MSIS 2606. Software Project Management

An overview of software project development methodology, covering both technical and managerial aspects of software development. Examines alternate software life cycle models and introduces modern techniques for definition, design, implementation, and validation of software products. Prerequisite: Knowledge of or experience with a high-level programming language, or permission from an instructor. (4 units)

MSIS 2607. Data Analytics - Python

Data analytics involves the application of scientific methodologies to extract, understand, and make predictions based on data sets from a broad range of sources. Data analytics requires knowledge and skills from three areas: (i) programming, (ii) math/statistics, and (iii) domain specific expertise. The objective of this course is to teach the programming skills relevant to data science. Students will learn to use a complete set of open source tools for data science in Python, including the Jupyter Notebook, NumPy, Pandas, Seaborn, scikit-learn, Colab, and many others. Students will learn skills that cover the various phases of exploratory data analysis: importing data, cleaning and transforming data, algorithmic thinking, grouping, aggregation, reshaping, visualization, time series, statistical modeling, and data exploration and communication of results. The course will utilize data from a wide range of sources and will culminate with a final project and presentation. (4 units)

MSIS 2613. Database Analysis, Design & Management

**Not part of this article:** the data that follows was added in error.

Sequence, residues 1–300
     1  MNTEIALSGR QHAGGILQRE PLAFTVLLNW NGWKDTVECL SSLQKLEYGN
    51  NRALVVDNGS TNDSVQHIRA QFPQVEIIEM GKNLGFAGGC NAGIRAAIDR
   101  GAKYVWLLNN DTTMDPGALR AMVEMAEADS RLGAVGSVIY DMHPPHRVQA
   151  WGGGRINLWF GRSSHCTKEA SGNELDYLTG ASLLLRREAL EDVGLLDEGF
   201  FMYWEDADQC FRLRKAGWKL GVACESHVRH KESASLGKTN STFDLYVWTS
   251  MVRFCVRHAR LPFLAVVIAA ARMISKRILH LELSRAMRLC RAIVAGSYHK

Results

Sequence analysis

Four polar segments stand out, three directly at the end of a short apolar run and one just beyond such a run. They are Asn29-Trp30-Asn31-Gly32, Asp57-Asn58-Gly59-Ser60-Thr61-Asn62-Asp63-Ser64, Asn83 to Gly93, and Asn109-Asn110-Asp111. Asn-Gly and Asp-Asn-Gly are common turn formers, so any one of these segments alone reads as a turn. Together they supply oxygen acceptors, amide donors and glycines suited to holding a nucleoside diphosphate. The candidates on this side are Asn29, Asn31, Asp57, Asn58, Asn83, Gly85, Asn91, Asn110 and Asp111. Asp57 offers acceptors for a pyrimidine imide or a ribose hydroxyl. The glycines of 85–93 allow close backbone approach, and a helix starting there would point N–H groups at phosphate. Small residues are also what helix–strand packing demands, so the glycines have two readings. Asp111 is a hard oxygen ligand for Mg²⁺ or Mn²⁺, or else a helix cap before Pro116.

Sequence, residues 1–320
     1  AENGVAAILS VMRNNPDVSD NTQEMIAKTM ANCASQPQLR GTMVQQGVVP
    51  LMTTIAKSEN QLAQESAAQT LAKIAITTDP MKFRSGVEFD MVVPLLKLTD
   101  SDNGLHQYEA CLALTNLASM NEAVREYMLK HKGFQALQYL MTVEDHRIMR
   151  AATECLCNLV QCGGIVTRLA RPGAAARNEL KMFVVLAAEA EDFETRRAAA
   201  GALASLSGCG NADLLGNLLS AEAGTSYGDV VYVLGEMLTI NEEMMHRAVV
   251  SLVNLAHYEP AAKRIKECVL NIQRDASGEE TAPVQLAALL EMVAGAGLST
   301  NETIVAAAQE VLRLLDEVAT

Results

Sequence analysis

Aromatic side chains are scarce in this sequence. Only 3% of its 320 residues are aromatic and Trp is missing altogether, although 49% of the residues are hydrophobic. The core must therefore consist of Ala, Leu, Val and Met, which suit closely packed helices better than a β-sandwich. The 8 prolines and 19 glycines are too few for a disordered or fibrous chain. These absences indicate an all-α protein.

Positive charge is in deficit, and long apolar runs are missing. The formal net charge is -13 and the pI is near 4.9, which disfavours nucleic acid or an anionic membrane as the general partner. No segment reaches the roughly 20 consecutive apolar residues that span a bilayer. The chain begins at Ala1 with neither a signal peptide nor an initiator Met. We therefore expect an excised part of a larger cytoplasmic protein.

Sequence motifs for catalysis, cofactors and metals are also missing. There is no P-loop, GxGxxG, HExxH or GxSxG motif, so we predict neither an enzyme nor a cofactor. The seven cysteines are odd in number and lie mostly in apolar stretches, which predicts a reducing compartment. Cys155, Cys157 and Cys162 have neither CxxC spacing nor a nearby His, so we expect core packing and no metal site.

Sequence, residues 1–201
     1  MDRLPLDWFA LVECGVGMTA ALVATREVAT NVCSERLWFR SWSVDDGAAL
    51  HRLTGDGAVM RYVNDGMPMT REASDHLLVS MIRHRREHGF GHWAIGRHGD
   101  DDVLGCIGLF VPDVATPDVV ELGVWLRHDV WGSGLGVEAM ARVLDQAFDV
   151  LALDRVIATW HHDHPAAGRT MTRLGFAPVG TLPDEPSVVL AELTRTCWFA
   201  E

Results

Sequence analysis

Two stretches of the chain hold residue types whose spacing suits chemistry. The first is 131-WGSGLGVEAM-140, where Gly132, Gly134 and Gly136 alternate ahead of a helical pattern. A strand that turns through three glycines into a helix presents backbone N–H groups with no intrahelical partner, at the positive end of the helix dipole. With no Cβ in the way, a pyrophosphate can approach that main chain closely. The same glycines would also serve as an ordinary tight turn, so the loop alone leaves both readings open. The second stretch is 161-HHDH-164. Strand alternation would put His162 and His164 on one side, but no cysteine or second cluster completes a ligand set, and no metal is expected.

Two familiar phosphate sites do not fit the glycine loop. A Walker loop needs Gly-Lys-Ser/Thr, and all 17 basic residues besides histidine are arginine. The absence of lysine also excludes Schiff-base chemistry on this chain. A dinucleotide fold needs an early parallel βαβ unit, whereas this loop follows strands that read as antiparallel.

Course presents technical and managerial approaches to the analysis, design, and management of business data, databases, and database management systems. The topics include structured and unstructured data management, a comparison of relational and object-oriented databases, relational database conceptual and logical design, and database implementation and administration (2 units)

ACTG 2608. Financial Accounting

This course introduces the roles, concepts, legal requirements and impacts of financial reporting. Financial statements and the analysis and recording of transactions, with a focus towards interpretations of reported results are covered. (2 units)

MSIS Curriculum Electives:

MSIS 2621. Business Intelligence and Data Warehousing

Introduces the business, technology, and managerial issues related to BI and DW solutions. Students will acquire practical skills in collecting business requirements, planning, defining, designing and developing a BI solution. Emphasis is placed on learning how to derive business value from BI and DW solutions. Hands-on experience will be obtained using a variety of BI tools. (4 units)